If you have lost your zest for life, are constantly fatigued and prone to autoimmunity – then take heed. You might be DHEA deficient. Dubbed the ‘youth hormone’, DHEA has many potential benefits – but also carries with it some noted contraindications. Therefore it’s best to consult with a healthcare or anti-ageing practitioner… and do your own due diligence. By Dr Sly Nedic
DHEA… Say What?
DHEA (Dehidroepiandrosterona) is a steroid hormone that is secreted mainly by the adrenal cortex, and in smaller amounts by ovaries in women. Production of this hormone increases in pre-puberty, picks up during adulthood, declines as we age and finally by the age of 70, diminishes to 10% of its adulthood level. DHEA transforms into male or female hormones (estrogen and testosterone) in various degrees from person to person, which is genetically determined. There has been numerous scientific papers about anti-ageing properties, which plays a role in the immune response throughout life, as well as the general well-being of the ageing person. This has made DHEA one of the essential hormones in anti-ageing therapies and integrative management of auto-immune diseases. DHEA is an essential hormone in my anti-ageing protocols, and majority of my patients report that in as early as two months after undergo-ing DHEA replacement, there is a major difference in their sense of well-being, energy, increased libido, improved memory and mood. Since the above signs and symptoms are often considered as part of the inevitable ageing process, majority of patients never complain or ask for help. They might also get treated symptomatically without their DHEA levels being checked. It is suggested by numerous anti-ageing societies that DHEA should be replaced to carry on with the patient’s well-being. Studies also reported an increase in the psychological and physical wellbeing when compared to a placebo – as well as an increase in IGF1 levels (simulating effect of growth hormone). In addition, prevention of osteoporosis has been reported in women, libido improvement and mood stabilization.
The Danger of Low DHEA
There has been a remarkable consistency in scientific papers showing the correlation between significantly low DHEA and various cancers, diabetes type II, inflammatory diseases and cardiovascular diseases (mainly heart attacks). In fact, two recent studies (Feldman et al.1998) and (Jansson et al. 1998) showed a higher mortality rate from myocardial infarction in the case of low DHEA, and independently from other factors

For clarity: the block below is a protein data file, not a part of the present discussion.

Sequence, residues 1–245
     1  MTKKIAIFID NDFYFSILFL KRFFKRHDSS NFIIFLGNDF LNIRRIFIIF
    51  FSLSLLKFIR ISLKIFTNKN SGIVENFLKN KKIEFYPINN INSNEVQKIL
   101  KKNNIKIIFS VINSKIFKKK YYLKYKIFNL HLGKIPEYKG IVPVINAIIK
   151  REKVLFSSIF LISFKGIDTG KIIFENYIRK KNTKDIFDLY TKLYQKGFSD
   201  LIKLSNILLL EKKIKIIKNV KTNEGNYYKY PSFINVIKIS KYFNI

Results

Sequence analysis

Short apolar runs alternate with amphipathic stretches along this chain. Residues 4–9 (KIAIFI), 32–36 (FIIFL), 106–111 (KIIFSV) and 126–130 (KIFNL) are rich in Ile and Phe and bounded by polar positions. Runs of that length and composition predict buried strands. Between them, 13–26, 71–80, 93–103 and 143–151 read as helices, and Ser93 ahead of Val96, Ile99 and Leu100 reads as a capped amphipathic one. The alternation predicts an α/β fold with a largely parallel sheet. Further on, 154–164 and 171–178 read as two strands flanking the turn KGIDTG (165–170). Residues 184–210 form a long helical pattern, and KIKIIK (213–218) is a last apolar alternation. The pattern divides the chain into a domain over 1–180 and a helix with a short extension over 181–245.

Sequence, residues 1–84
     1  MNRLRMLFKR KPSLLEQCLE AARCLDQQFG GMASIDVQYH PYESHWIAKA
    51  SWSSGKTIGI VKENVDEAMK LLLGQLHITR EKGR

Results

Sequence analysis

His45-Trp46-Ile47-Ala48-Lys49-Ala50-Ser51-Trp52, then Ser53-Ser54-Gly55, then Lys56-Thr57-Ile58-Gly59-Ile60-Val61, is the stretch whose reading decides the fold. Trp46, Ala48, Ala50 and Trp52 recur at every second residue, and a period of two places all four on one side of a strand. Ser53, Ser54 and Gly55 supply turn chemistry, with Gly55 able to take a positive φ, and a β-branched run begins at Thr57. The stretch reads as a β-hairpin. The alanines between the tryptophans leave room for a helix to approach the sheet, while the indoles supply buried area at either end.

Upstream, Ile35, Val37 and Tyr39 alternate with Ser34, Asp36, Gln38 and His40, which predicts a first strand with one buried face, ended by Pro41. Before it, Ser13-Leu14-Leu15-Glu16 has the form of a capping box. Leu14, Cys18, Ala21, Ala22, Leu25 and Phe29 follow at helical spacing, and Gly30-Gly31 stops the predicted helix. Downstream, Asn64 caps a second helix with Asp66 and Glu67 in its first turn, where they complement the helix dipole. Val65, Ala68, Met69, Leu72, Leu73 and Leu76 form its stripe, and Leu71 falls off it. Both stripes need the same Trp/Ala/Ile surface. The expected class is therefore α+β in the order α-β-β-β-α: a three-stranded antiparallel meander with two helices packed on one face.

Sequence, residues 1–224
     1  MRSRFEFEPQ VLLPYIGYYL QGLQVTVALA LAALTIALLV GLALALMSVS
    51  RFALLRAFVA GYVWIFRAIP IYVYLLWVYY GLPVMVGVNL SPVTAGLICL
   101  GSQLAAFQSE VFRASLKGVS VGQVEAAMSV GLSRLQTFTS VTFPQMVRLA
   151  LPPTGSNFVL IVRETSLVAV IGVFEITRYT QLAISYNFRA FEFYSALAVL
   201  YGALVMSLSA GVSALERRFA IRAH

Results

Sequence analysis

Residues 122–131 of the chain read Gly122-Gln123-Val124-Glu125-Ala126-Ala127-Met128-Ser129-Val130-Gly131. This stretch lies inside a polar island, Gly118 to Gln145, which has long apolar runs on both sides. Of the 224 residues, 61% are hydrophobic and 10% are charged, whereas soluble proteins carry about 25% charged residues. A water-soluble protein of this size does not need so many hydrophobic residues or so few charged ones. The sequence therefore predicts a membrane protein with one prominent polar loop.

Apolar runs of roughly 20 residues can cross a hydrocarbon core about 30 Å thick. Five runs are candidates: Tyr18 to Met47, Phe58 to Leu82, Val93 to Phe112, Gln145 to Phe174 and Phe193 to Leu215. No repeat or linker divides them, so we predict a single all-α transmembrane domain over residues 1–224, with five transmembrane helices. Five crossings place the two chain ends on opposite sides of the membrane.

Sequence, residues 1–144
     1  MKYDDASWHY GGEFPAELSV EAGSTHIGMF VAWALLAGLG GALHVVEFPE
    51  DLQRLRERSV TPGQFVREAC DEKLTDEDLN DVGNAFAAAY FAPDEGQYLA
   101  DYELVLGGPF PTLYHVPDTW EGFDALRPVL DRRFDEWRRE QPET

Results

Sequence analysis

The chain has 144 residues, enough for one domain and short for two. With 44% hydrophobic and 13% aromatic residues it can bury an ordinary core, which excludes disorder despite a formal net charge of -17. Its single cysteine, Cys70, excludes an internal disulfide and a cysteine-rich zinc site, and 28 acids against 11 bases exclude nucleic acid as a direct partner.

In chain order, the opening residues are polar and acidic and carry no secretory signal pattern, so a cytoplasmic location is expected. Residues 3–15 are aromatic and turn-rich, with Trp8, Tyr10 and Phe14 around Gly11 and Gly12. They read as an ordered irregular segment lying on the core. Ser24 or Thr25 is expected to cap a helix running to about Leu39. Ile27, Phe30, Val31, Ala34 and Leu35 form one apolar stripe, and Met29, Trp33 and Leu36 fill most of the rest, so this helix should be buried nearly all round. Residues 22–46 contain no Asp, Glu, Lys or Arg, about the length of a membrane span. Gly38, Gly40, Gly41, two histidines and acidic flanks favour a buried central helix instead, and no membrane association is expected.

DHEA and Autoimmunity
The physiological response to stress is regulated by the adrenocortical system, in which the DHEA and Cortisol have opposing effects on the innate immune response (DHEA enhances while Cortisol suppresses immunity). During the period of intense stress (which we see more and more in the younger population and in ageing populations respectively), molar ratio of Cortisol to DHEA increases, leaving the organism more susceptible to autoimmunity. It has been shown that patients suffering from lupus (SLE) and rheumatoid arthritis (RA) have low DHEA. It has also been reported that pre-menopausal women with a low level of DHEA may develop rheumatoid arthritis later in life. There has been great resistance and non-acceptance by conventional physicians to use DHEA in treating autoimmune diseases, despite extensive scientific evidence. DHEA appears to have a major beneficial effect in SLE, helping to reduce concurrent corticosteroid dose, while protecting against osteoporosis with a high dose of corticosteroids (van Vollenhoven et al. 1998, Barryet al. 1998). DHEA as a part of the integrative medical approach is used in autoimmune thyroiditis (the most common cause of low thyroid function), RA, inflammatory bowel diseases and other autoimmune problems.
DHEA and Cortisol Ratio
An inverse relationship between the DHEA and Cortisol concentration appears to be a predictor of inflammatory activity. A low DHEA /Cortisol ratio is an alarming sign of extensive stress – and therefore needs to be addressed. This should be done by thoroughly modifying Cortisol secretion… and not just replacing the DHEA. In an ageing population, it is found that a low DHEA/Cortisol ratio is associated with great cognitive impairment. I have seen a tremendous improvement in cognition in my ageing patients after a couple of months of administering oral DHEA.
Side Effects and Contraindications
Side effects (which often stop women from continuing DHEA therapy) comes from the transformation of DHEA into androgens, testosterone or DHT (male hormones). These target the cells that lead to hirsutism (increased body hair), male patterned baldness and acne. However, this activity is mainly genetically determined (gene CYP17A1 T34C) and can be prevented by modifying a dose – and knowing which pathway DHEA takes in the body. The same gene is responsible for DHEA being transformed into estrogen, which makes this hormone contraindicated in breast & prostate cancers in patients who are carriers of this gene. Genetic testing prior to DHEA treatment should be done routinely in order to find out which metabolic pathway DHEA is mainly involved in: estrogen or testosterone? DHEA is available on a prescription from integrative physicians (and compounding pharmacies) as a integral part of an anti-ageing treatment (or according to indications).